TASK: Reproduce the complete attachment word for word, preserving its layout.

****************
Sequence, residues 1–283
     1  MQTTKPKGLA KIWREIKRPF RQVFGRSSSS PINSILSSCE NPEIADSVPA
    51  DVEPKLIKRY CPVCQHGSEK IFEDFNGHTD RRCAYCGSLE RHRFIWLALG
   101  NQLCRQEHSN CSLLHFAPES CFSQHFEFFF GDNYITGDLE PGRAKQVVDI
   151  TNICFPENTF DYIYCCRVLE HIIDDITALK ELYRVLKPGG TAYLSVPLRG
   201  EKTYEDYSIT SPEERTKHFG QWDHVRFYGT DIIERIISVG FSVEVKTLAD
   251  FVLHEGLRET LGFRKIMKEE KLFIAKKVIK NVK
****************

Sequence, residues 1–283
     1  MQTTKPKGLA KIWREIKRPF RQVFGRSSSS PINSILSSCE NPEIADSVPA
    51  DVEPKLIKRY CPVCQHGSEK IFEDFNGHTD RRCAYCGSLE RHRFIWLALG
   101  NQLCRQEHSN CSLLHFAPES CFSQHFEFFF GDNYITGDLE PGRAKQVVDI
   151  TNICFPENTF DYIYCCRVLE HIIDDITALK ELYRVLKPGG TAYLSVPLRG
   201  EKTYEDYSIT SPEERTKHFG QWDHVRFYGT DIIERIISVG FSVEVKTLAD
   251  FVLHEGLRET LGFRKIMKEE KLFIAKKVIK NVK